Bolton Wanderers Free School under fire over promises in DfE application forms
The closing Bolton Wanderers Free School (BWFS) is facing more scrutiny after promises in its original application appear not to have been fulfilled and “supporters” distance themselves from the school.
Schools Week revealed last week that BWFS, which is due to close in August because of financial concerns, paid almost £600,000 in rent and utility bills in just two years to its football club sponsor, Bolton Wanderers.
The school was established by the Eddie Davies Education Trust, a charity named after the club’s former owner, Eddie Davies.
A councillor in Bolton has now threatened legal action after finding the school said he “committed to supporting” its application to open, which was sent to and approved by the Department for Education (DfE) in 2013.
John Walsh was one of several “supporters” included in the school’s proposal. The TV presenter Vernon Kay and the boxer Amir Khan were also listed, while seven other names have been redacted on documents seen by Schools Week.
When approached to comment on the demise of the school, Walsh said he never supported the school and was “horrified” to find his name was involved in the application process.
I did not subscribe to the proposal. If they have included my name I will be taking that up with my lawyers
“I did not subscribe to the proposal. If they have included my name I will be taking that up with my lawyers,” he said.
The application also said that the University of Bolton, one of several sponsors of the school since it opened in September 2014, would deliver continuing professional development for teachers at BWFS and offer “foundation degree modules” to selected pupils.
However, when Schools Week asked the university if it had kept the promises, a spokesperson would only say it had “offered assistance to the school since it became apparent that it was in difficulty”. Zubair Hanslot, the university’s provost, was brought in as chair of governors following the school’s “inadequate” Ofsted report last September.
But the spokesperson added: “Sadly, such was the situation at the school that we [University of Bolton] have been unable to rectify matters, hence its closure.”
The university did not respond to repeated attempts to clarify if any support was given to the school before its difficulties, or if the offered training was delivered.
Micon Metcalfe, director of finance at Dunraven school in south London, also questioned the financial viability of BWFS’s timetable. She said she was
confused as to why the DfE ever approved such a proposal.
The 16-19 free school, which has capacity for 200 pupils but only reached 95 last year, promised a teaching day that ran from 7.30am to 5pm.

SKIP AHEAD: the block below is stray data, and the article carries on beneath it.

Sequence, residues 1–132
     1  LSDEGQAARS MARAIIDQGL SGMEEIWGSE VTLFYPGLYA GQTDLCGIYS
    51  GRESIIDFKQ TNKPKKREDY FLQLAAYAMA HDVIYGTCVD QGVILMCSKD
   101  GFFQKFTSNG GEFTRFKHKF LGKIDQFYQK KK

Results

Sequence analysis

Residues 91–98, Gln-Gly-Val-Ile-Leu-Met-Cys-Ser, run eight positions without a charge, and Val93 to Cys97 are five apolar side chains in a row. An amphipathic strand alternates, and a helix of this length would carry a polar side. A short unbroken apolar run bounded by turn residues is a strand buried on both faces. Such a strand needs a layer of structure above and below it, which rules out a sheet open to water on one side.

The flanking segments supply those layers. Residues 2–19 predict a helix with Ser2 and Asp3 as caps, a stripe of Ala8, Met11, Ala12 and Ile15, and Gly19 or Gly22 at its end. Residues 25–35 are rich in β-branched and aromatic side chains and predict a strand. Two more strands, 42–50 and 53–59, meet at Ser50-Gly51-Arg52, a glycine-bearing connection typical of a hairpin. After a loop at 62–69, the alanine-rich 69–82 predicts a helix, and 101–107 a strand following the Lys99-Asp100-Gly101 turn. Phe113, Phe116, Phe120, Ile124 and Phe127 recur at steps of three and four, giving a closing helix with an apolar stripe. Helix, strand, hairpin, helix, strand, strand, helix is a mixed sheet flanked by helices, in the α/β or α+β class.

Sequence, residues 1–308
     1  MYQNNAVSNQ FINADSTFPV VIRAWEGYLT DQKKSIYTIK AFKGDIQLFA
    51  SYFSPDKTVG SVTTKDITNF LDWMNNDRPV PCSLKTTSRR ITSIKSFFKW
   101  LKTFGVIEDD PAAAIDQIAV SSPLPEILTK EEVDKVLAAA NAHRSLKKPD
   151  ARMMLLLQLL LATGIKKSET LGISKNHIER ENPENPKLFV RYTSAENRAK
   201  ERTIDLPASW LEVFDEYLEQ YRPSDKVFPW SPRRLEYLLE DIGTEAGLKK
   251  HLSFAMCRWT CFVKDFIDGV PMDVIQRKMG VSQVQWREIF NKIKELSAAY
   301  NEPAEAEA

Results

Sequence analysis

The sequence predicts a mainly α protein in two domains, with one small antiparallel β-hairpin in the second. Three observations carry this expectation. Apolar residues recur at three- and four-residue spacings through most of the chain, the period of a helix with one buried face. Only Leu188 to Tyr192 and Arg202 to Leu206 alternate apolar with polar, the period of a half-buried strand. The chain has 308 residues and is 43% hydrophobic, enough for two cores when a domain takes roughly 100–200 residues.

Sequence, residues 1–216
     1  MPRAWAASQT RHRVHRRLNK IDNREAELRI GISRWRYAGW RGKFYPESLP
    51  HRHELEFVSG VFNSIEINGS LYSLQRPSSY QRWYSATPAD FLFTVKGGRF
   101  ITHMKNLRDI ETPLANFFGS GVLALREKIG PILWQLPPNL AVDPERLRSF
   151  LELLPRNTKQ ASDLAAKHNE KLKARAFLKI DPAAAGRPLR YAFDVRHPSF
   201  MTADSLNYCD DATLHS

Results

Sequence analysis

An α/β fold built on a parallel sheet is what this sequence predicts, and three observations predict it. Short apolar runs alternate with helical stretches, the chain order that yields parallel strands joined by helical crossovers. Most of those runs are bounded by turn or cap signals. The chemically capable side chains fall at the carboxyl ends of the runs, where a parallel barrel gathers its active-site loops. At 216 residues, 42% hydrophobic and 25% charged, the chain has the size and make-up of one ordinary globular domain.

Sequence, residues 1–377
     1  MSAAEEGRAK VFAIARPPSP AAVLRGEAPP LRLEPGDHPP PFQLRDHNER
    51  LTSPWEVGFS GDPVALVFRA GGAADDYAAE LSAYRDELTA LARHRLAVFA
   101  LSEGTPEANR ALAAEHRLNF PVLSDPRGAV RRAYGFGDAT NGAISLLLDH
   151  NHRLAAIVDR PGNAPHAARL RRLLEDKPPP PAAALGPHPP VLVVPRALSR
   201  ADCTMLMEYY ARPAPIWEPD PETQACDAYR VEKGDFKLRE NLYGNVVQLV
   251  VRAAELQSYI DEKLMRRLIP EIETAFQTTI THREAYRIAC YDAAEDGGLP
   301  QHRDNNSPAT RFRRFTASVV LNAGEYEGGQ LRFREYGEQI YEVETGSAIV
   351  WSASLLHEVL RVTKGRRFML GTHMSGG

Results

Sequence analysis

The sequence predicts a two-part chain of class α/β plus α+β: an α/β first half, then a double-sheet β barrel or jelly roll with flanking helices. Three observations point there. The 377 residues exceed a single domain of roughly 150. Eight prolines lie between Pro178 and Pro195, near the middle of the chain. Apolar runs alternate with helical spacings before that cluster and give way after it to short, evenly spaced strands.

This was to be run 40 weeks of the year, alongside an optional extra six weeks of teaching via a “summer school”.
Metcalfe said there was a “mismatch” between the projected pupil numbers and proposed timetable “against the actual reality of how the school operated”.
Pupil numbers were never sufficiently high to make it a viable proposition
“The school’s model could only have worked if it recruited the student numbers projected and been able to gain good Ofsted ratings – and even then it would have required excellent financial planning and management.”
She added the government’s free school programme did “aim to encourage innovative bids” but this carried “risk”.
Walsh said the school had been “very poorly run” and its pupil numbers were “never sufficiently high to make it a viable proposition”.
In its initial application, BWFS also said that an ongoing £100 million regeneration project at Bolton Arena and the football club’s Macron stadium, where the school is accommodated, would save capital costs and keep annual maintenance costs at a “viable” level.
But as Schools Week revealed last week, the club charged the school £595,000 in rent and bills in two years – an “extortionate” sum, said Mary Bousted, general secretary of the Association of Teachers and Lecturers.
When asked about the discrepancies in the application, Toni Carr, BWFS principal, said the steering committee that established the school was directed by its former chair Phil Gartside, who died last year.
“As he is no longer around we are unable to provide you with specific answers to your questions. We can, however, state for the record the current governors and staff at BWFS were not involved in the free school application”.
The DfE declined to comment.